Getinge temporarily loses another CE mark, this time for recently recalled heart balloon pumps

Only a month after Getinge announced the suspension of the CE marks allowing it to sell its heart-lung support and permanent life support systems in Europe, the Swedish devicemaker has temporarily lost another EU green light.

Getinge will not be allowed to sell its Cardiosave intra-aortic balloon pumps in Europe for up to three months, the company announced this week—though pumps already on the market can continue being used. The decision took effect immediately and was delivered by TÜV SÜD, a notified body based in Germany.

The suspension was based on a range of issues linked to Getinge’s “risk management, post-market surveillance and vigilance” related to the pump, and to the company’s response to certain field safety corrective actions regarding the device, it said in its release. Getinge will spend the three-month suspension period working to rectify those issues.

Though the company noted in the announcement that sales of the pump in countries requiring CE mark approval bring in about 70 million Swedish krona (or $6.7 million U.S.) per year, it said that the financial effect of the suspension “is not expected to be material.”

The Cardiosave balloon pumps are inserted into the aortas of patients recovering from interventional heart surgeries, heart attacks and other major cardiac events. The devices help the heart keep pumping blood normally throughout the body by repeatedly inflating and deflating to control blood flow from the heart.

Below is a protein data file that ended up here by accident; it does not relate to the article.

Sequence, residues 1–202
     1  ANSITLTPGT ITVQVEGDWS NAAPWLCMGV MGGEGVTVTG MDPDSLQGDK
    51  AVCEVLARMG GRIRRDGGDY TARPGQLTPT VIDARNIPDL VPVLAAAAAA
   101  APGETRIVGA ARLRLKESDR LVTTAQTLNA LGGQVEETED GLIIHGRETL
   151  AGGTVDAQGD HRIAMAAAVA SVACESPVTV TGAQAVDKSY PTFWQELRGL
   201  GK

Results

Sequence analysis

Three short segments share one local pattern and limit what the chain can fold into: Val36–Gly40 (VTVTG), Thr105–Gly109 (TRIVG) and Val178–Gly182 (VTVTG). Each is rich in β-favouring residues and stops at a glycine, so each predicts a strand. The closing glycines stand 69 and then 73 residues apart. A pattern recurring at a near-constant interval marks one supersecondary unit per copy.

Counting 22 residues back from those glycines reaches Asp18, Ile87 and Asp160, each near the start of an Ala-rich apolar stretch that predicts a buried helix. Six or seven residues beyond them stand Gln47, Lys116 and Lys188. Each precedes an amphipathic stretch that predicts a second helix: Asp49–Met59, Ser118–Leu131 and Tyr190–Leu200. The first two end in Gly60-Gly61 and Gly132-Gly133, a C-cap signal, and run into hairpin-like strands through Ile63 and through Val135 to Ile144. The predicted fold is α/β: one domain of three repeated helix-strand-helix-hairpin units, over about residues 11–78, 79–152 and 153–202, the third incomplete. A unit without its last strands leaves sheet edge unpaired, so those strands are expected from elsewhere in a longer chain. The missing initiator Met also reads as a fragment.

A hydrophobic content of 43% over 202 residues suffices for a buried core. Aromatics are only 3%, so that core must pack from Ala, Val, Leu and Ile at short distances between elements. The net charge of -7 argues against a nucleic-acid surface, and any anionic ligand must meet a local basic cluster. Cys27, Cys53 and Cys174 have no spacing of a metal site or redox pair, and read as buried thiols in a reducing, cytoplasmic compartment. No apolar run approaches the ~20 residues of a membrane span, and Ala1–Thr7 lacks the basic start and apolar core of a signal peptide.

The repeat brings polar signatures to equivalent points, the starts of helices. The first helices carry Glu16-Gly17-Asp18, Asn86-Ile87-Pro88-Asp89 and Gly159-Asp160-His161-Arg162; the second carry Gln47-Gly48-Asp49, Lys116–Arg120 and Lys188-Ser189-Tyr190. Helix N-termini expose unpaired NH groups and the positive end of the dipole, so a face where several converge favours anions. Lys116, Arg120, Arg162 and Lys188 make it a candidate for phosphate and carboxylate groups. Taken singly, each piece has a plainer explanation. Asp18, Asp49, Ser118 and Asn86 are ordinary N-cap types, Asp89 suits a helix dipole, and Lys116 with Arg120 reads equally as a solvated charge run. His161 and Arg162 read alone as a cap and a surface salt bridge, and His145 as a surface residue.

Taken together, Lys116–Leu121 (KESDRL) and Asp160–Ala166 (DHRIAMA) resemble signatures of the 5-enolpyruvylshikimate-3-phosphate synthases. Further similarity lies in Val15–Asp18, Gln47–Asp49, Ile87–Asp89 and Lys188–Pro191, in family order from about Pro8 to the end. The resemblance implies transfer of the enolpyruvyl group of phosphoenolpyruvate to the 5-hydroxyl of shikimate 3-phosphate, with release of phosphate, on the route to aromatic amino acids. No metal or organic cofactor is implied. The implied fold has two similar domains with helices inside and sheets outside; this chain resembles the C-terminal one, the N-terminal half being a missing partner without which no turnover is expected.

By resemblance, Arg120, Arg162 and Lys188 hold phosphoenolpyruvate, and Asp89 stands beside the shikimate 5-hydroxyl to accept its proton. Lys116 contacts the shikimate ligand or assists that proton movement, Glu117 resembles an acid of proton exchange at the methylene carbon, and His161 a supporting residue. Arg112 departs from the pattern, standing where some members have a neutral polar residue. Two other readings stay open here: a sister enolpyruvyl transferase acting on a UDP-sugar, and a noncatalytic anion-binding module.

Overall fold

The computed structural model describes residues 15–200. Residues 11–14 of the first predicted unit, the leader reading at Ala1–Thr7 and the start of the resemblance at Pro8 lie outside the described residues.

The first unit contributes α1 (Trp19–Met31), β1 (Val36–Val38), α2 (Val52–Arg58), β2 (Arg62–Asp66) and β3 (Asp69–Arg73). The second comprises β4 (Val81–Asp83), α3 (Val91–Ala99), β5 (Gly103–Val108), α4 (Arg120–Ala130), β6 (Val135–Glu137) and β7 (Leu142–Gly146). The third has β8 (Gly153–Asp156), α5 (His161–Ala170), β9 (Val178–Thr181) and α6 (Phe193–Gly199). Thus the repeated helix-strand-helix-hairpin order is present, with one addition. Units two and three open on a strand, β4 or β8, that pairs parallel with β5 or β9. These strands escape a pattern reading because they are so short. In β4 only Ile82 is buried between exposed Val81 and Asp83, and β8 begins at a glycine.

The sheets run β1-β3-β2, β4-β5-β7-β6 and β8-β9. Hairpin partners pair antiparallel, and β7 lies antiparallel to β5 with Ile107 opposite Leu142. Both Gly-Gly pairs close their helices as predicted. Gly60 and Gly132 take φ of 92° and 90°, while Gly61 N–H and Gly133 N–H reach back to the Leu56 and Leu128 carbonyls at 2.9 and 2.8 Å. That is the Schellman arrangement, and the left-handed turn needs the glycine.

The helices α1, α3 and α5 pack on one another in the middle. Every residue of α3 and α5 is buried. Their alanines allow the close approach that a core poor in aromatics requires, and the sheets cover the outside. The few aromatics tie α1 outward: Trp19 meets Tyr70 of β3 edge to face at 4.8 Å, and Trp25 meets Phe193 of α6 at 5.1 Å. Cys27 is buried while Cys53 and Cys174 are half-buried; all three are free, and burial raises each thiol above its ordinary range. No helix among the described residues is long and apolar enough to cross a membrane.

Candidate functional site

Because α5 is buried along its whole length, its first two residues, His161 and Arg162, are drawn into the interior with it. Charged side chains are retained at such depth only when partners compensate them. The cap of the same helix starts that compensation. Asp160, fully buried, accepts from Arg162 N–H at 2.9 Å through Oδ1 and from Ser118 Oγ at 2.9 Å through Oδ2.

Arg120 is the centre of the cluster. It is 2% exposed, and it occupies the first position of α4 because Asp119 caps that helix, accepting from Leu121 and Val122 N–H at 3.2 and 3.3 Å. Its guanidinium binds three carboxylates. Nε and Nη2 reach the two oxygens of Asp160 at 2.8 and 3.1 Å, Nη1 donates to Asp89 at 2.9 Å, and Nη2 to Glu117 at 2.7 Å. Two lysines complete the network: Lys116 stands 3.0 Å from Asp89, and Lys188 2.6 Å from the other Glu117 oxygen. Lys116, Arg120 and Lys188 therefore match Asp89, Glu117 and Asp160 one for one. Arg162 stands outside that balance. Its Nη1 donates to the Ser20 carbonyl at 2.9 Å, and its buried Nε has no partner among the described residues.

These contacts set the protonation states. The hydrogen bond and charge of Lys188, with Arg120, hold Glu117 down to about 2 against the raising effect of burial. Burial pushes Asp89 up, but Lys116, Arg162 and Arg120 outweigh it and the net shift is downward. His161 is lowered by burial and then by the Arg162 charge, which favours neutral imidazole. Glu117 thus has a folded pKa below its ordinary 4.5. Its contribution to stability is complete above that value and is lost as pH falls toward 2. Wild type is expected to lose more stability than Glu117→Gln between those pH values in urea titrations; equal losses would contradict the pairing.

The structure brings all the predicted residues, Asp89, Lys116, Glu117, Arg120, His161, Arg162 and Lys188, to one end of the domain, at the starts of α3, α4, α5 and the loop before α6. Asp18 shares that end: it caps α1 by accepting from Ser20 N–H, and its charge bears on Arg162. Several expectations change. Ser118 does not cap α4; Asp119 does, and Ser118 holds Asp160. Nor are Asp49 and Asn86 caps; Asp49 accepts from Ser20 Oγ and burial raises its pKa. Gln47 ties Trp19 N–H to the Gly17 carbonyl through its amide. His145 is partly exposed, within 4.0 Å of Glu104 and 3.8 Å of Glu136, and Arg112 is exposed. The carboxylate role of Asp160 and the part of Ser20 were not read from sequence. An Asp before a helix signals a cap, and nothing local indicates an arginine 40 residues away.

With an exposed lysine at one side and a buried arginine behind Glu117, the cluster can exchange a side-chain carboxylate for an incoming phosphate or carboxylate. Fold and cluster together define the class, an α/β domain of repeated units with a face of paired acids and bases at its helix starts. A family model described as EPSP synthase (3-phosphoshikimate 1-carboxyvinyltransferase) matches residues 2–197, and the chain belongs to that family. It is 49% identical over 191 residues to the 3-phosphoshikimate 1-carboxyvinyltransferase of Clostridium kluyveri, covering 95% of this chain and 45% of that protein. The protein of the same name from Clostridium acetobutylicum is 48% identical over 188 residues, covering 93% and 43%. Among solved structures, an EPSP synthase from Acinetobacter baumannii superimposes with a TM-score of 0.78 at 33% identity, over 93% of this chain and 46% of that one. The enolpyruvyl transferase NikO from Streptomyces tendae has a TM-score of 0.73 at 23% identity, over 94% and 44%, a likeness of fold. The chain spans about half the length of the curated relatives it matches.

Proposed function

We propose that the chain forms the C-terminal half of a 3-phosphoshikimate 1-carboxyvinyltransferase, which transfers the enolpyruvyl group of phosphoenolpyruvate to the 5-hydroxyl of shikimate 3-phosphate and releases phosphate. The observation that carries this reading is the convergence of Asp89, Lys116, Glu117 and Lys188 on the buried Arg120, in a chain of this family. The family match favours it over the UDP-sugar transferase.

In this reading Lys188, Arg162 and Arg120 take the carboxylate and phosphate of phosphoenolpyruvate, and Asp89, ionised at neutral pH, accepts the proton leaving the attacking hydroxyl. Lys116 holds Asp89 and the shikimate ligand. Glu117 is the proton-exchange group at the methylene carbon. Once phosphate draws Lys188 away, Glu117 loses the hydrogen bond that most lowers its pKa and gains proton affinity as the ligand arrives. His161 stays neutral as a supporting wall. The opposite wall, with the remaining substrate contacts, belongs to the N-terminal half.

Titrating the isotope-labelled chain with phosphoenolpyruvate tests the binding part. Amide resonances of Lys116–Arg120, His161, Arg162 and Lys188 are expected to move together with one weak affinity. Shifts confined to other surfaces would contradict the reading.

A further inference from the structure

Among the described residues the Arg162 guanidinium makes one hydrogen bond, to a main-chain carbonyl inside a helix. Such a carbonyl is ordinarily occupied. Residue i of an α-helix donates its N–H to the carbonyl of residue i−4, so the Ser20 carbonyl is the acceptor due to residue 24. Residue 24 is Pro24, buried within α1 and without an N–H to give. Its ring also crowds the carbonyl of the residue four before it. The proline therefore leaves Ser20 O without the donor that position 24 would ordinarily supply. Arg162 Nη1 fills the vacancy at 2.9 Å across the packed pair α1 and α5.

The CE mark suspension isn’t the first setback the pumps have faced in recent months. In December, Getinge began a recall of the pumps that was ultimately given the FDA’s most serious Class I rating a month later.

The recall came after Getinge discovered that if the balloon is torn, burst or otherwise damaged, it could let blood into the pump during use, causing the whole mechanism to shut down without warning. Not only could that lead to blood loss, organ damage or even death, but it may also allow helium from the pump to leak into the bloodstream and create gas bubbles in the veins.

Plus, if a damaged pump isn’t properly inspected and is reused on another patient, any blood that was trapped inside the balloon could potentially leak out and contaminate the bloodstream of the new user.

By the time the FDA slapped its Class I label on the safety event, Getinge had collected 134 complaints related to the issue, five of which included reports of adverse events—comprising four serious injuries and one patient death. In total, the recall spans nearly 8,800 of the pumps distributed around the world, more than half of which had been sold in the U.S. since March 2012.

This also isn’t the first CE mark suspension this year for Getinge. Last month, it reported that another German notified body, DEKRA, had temporarily revoked another European approval after the company failed to adequately correct issues with the sterile packaging for its HLS and PLS systems.

Getinge has been working to fix those issues since at least 2020 when it began a recall of some HLS devices that had been shipped with damage to their sterile packaging. Though the company went on to expand that recall last year, it assured customers that it had been shipping out its life support systems with “more durable” packaging since the fall of 2021 and that it hadn’t received any reports of injuries or deaths associated with sterility breaches.

In the wake of the recalls, Getinge closed out 2022 by placing a voluntary shipping hold on the HLS and PLS systems. At the time, the company said it had addressed all possible risks to the sterility of the packaging, but that an unnamed regulator had decreed that Getinge’s tests of the updated packaging hadn’t been sufficient. Getinge said it was rushing to perform additional tests, with results expected in April.